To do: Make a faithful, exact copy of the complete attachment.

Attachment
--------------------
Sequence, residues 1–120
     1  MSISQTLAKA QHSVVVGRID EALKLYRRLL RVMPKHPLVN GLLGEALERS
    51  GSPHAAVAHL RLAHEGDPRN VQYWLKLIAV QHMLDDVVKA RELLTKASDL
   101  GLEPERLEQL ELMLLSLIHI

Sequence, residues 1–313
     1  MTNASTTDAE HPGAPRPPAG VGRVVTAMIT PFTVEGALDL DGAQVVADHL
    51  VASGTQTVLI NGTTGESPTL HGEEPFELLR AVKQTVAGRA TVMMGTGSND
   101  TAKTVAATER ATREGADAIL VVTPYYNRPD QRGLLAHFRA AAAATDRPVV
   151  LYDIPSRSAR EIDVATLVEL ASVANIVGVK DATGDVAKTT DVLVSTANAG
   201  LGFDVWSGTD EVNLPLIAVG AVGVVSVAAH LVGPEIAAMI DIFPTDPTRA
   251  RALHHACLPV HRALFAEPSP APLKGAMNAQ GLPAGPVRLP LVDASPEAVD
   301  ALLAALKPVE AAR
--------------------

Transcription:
Sequence, residues 1–120
     1  MSISQTLAKA QHSVVVGRID EALKLYRRLL RVMPKHPLVN GLLGEALERS
    51  GSPHAAVAHL RLAHEGDPRN VQYWLKLIAV QHMLDDVVKA RELLTKASDL
   101  GLEPERLEQL ELMLLSLIHI

Sequence, residues 1–313
     1  MTNASTTDAE HPGAPRPPAG VGRVVTAMIT PFTVEGALDL DGAQVVADHL
    51  VASGTQTVLI NGTTGESPTL HGEEPFELLR AVKQTVAGRA TVMMGTGSND
   101  TAKTVAATER ATREGADAIL VVTPYYNRPD QRGLLAHFRA AAAATDRPVV
   151  LYDIPSRSAR EIDVATLVEL ASVANIVGVK DATGDVAKTT DVLVSTANAG
   201  LGFDVWSGTD EVNLPLIAVG AVGVVSVAAH LVGPEIAAMI DIFPTDPTRA
   251  RALHHACLPV HRALFAEPSP APLKGAMNAQ GLPAGPVRLP LVDASPEAVD
   301  ALLAALKPVE AAR